1. The method of effecting a diffusion bond between metal components formed from those metals or metal alloys exhibiting either a well-defined recrystallization or allotropic transformation temperature which comprises the steps of:

positioning the components with the surfaces to be joined in intimate contact under a closure pressure 5 at the interface; and repetitively thermally cycling the alloy surfaces between temperature levels slightly above and below the recrystallization or allotropic transformation temperature to provide a high rate of generation of new grain nuclei while inhibiting grain growth, forming a diffusion bond between the surfaces.

2. The method according to claim 1 wherein;

the closure pressure does not exceed that providing a tolerable deformation at the bonding temperature.

3. The method according to claim 1 wherein;

subsequent to the bonding step, the bonded alloys at the interface are normalized or homogenized by heat treatment.

k l l

Patent Citations
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US2834102 *Sep 28, 1956May 13, 1958Metals & Controls CorpSolid-phase bonding of metals
US2961762 *Mar 6, 1957Nov 29, 1960Texas Instruments IncSolid phase strip inlay bonding
US3025592 *Jul 22, 1959Mar 20, 1962Westinghouse Electric CorpPhase transformation bonding of metal members
US3145466 *Nov 27, 1959Aug 25, 1964Westinghouse Electric CorpDiffusion bonding of metal members
US3435182 *Aug 18, 1966Mar 25, 1969Wuppermann Gmbh TheodorWelding method
US3470037 *Jul 5, 1966Sep 30, 1969Mitsubishi Heavy Ind LtdMethod of treating alloy steel
US3486219 *Feb 28, 1966Dec 30, 1969Atomic Energy Authority UkMethod of making tubes
Referenced by
Citing PatentFiling datePublication dateApplicantTitle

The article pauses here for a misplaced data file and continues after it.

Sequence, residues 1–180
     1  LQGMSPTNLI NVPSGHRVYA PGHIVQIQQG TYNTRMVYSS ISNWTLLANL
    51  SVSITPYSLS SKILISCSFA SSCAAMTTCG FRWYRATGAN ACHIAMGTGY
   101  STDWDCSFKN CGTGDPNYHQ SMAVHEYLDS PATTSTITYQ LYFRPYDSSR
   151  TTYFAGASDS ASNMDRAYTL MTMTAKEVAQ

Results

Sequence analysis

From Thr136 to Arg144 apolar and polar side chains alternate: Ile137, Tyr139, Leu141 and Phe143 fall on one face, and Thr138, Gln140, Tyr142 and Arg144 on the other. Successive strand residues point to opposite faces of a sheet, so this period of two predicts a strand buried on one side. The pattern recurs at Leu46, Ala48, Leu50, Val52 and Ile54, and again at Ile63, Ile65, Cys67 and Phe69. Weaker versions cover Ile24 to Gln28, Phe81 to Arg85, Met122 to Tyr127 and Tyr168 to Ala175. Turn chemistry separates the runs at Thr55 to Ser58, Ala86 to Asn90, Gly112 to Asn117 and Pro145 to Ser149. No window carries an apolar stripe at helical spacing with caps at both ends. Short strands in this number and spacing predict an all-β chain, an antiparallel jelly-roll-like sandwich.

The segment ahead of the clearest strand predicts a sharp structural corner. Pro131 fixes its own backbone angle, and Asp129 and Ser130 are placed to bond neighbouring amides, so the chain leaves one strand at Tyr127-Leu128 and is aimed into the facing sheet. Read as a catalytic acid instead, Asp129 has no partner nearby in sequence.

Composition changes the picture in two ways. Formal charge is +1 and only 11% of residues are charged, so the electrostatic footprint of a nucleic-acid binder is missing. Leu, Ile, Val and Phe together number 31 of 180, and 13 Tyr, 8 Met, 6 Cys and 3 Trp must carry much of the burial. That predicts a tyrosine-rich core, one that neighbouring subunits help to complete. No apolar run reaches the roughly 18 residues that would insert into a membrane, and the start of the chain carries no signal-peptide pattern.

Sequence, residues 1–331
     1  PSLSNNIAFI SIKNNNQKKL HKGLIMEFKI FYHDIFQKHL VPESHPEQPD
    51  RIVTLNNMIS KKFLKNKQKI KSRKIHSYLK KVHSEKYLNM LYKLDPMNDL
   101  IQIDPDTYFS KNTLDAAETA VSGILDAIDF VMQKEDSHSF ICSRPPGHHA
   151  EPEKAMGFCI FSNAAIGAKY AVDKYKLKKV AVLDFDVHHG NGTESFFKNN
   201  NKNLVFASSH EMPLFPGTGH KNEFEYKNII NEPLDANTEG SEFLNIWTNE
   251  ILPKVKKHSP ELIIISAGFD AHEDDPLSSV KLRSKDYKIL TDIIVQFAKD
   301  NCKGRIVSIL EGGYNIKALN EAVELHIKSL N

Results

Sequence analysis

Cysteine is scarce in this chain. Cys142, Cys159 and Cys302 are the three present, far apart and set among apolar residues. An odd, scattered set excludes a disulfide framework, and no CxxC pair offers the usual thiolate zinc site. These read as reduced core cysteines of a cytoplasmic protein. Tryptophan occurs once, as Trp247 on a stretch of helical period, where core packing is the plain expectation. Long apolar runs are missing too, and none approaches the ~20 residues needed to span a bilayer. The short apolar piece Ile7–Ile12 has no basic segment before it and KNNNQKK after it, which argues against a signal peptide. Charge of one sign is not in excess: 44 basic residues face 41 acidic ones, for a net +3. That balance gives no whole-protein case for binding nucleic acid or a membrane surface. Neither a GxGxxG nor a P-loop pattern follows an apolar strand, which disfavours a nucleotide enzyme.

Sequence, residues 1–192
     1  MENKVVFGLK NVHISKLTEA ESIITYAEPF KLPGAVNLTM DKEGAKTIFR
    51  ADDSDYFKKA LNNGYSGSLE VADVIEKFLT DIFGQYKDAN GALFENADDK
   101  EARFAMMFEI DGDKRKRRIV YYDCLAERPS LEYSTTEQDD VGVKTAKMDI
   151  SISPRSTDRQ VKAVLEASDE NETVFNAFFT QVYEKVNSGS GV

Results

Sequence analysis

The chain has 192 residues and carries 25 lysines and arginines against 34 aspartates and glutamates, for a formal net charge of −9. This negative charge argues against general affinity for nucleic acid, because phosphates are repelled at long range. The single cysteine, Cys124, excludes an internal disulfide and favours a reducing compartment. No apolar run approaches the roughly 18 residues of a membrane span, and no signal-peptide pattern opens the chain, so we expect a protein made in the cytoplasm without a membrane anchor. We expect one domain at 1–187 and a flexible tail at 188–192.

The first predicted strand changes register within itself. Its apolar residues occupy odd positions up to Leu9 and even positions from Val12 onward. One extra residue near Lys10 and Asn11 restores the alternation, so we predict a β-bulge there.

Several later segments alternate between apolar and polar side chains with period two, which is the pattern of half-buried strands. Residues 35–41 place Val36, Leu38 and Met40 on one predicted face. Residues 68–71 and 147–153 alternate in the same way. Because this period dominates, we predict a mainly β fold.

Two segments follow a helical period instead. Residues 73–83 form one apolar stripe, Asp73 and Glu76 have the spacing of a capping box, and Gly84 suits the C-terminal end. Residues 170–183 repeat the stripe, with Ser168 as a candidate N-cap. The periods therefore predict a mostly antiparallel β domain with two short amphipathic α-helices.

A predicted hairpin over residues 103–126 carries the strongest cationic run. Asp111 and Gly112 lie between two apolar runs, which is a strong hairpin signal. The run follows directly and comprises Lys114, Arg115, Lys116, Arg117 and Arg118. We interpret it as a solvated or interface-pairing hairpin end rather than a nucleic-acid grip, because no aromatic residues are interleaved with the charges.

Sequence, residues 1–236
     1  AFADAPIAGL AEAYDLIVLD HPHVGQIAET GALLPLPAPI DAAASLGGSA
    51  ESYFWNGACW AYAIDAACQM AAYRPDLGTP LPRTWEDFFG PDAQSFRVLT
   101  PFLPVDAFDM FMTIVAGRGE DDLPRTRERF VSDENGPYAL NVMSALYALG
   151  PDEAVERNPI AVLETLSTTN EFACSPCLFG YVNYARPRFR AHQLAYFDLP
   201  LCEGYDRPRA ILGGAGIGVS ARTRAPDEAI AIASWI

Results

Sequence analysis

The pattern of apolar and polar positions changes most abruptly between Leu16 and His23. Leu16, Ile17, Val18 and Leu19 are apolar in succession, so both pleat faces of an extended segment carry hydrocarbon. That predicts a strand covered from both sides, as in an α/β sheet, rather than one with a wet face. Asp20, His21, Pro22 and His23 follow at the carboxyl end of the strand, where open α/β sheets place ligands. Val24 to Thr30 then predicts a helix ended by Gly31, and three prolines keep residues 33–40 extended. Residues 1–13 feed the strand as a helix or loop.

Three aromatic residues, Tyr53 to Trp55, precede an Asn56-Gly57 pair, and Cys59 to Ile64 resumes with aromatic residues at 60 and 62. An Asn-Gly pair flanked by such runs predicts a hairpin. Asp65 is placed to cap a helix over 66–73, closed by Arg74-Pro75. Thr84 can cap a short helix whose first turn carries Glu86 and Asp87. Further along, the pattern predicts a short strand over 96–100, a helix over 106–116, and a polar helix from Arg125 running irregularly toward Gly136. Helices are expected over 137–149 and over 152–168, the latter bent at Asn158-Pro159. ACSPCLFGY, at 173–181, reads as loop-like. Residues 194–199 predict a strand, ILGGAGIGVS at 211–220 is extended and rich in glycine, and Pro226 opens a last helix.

US3798748 *Sep 29, 1972Mar 26, 1974NasaDiffusion welding
US4024617 *Mar 6, 1973May 24, 1977Ramsey CorporationMethod of applying a refractory coating to metal substrate
US4033504 *Oct 24, 1975Jul 5, 1977NasaBimetallic junctions
US4606778 *Oct 26, 1984Aug 19, 1986Bbc Aktiengesellschaft Brown, Boveri & CieJoining method
US4732312 *Nov 10, 1986Mar 22, 1988Grumman Aerospace CorporationMethod for diffusion bonding of alloys having low solubility oxides
US4830265 *May 13, 1988May 16, 1989Grumman Aerospace CorporationMethod for diffusion of metals and alloys using high energy source
US4905886 *Jul 20, 1988Mar 6, 1990Grumman Aerospace CorporationMethod for diffusion bonding of metals and alloys using thermal spray deposition
US4969593 *Jul 20, 1988Nov 13, 1990Grumman Aerospace CorporationMethod for diffusion bonding of metals and alloys using mechanical deformation
US4982893 *Aug 15, 1989Jan 8, 1991Allied-Signal Inc.Diffusion bonding of titanium alloys with hydrogen-assisted phase transformation
US8123110 *Oct 4, 2010Feb 28, 2012Siemens AktiengesellschaftMethod for soldering with a multistep temperature profile
US8225481 *Jul 24, 2012Pratt & Whitney Rocketdyne, Inc.Diffusion bonded composite material and method therefor
US20040232211 *May 19, 2003Nov 25, 2004Kayser Gregory F.Diffusion bonded composite material and method therefor
US20060124205 *Oct 18, 2005Jun 15, 2006Chu-Wan HongMethod for combining components made of different materials
US20110017809 *Oct 4, 2010Jan 27, 2011Ingo BergerMethod for Soldering with a Multistep Temperature Profile
EP0192100A1 *Jan 31, 1986Aug 27, 1986BBC Brown Boveri AGProcess for bonding structural superalloy elements
U.S. Classification228/193, 228/199
International ClassificationC21D9/50, B23K35/00, B23K20/00
Cooperative ClassificationB23K35/001, B23K20/00, C21D9/50
European ClassificationB23K20/00, C21D9/50, B23K35/00B